we will never come back to. We just love to know the answers to things,
    even if there’s no obvious benefit.

    This description fits the sociopaths, free-loaders and gossips of wealthy cities.  If we look at indigenous people or other mammals the role of curiosity in evolution becomes more obvious.

    If I make some change in a room or in the garden,  the first thing the cat will do after this,  is check out the new feature to up-date its mental map of its territory. This has to do with hunting, seeking comfortable resting places, and escape routes.

    The roots of our peculiar curiosity can be linked to a trait of the
    human species call neoteny. This is a term from evolutionary theory that
    means the “retention of juvenile characteristics”. It means that as a
    species we are more child-like than other mammals. Being relatively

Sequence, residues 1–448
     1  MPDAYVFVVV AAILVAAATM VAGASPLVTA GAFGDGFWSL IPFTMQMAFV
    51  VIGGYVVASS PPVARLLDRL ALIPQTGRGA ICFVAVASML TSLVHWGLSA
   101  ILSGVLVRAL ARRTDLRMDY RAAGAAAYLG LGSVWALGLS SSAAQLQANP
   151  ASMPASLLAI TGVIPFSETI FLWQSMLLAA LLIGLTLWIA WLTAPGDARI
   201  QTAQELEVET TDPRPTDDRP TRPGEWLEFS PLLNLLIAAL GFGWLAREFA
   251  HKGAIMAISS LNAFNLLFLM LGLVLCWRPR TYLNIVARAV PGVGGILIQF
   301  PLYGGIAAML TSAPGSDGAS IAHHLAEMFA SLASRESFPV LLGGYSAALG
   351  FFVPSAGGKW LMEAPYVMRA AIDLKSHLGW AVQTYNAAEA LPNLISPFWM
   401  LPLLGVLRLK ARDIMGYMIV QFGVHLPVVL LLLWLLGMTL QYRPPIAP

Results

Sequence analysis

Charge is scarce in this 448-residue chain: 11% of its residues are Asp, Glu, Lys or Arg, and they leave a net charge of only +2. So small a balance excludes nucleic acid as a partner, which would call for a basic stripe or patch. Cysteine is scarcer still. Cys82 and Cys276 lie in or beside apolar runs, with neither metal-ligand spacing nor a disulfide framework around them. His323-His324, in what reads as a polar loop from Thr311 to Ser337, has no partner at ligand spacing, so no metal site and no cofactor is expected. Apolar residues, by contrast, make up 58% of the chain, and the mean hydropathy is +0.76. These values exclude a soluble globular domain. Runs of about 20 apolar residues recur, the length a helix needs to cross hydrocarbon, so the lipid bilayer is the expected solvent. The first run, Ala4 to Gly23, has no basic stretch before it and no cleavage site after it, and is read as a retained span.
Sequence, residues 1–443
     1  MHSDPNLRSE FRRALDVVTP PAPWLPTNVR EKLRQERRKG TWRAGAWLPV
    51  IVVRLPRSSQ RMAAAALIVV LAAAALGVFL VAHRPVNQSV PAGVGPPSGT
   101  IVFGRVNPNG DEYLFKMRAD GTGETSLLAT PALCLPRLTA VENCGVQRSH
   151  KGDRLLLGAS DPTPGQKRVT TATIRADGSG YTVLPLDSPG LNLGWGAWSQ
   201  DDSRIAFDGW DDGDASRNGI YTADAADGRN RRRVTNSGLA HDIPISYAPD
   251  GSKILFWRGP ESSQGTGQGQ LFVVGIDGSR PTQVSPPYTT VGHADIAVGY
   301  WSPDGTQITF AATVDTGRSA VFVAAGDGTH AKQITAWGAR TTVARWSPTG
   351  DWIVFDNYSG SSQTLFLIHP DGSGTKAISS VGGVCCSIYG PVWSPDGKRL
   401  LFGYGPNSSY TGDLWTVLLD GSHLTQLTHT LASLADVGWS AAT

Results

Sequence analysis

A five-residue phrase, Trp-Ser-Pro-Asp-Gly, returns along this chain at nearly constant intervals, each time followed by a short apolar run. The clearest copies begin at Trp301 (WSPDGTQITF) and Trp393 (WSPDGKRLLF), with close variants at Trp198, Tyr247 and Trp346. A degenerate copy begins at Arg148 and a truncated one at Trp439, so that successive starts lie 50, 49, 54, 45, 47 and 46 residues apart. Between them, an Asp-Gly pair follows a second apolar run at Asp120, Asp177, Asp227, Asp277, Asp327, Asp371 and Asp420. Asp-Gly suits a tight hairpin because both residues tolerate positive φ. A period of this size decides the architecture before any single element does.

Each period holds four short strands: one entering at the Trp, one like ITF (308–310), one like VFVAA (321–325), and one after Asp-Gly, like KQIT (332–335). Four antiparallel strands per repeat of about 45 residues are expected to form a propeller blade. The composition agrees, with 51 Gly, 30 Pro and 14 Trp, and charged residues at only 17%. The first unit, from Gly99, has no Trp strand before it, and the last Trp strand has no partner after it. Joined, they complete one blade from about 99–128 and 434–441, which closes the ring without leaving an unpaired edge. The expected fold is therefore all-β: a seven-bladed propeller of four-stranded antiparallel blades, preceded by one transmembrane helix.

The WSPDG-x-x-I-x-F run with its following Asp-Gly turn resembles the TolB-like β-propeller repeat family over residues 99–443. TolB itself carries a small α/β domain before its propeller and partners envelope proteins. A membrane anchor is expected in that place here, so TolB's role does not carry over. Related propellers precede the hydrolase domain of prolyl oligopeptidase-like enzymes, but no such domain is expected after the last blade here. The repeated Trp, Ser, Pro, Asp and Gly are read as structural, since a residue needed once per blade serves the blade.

hairless is one physical example. A large brain relative to body size is
    another. Our lifelong curiosity and playfulness is a behavioural
    characteristic of neoteny.

    The sustained ability into adulthood, to continue to learn is a feature of intelligent humans.  It is a feature which psychology shows, is lost fastest by those in whom it was poorly developed in the first place.  The mentally weak often have very limited fixed ideas quite early in life.

  5. >It means we are more childlike than other mammals. Being relatively hairless is one example.<

    Is that really a good example? Other baby apes look more human than the adults do, because they are born with relatively flat faces. Our remaining pan faced is a good example of neoteny. But other apes are born furry, so how is our relative lack an example? 

  6. How ironic that a BBC licence payer can’t access the BBC because it’s ‘a wholly owned subsidiary’. The quality of this article says I’m not missing much. Oh well, Richard II was worth the licence fee. It’s Henry IV Part 1 on Saturday. Get the hankies out. Patrick Stewart already made me cry in Richard II.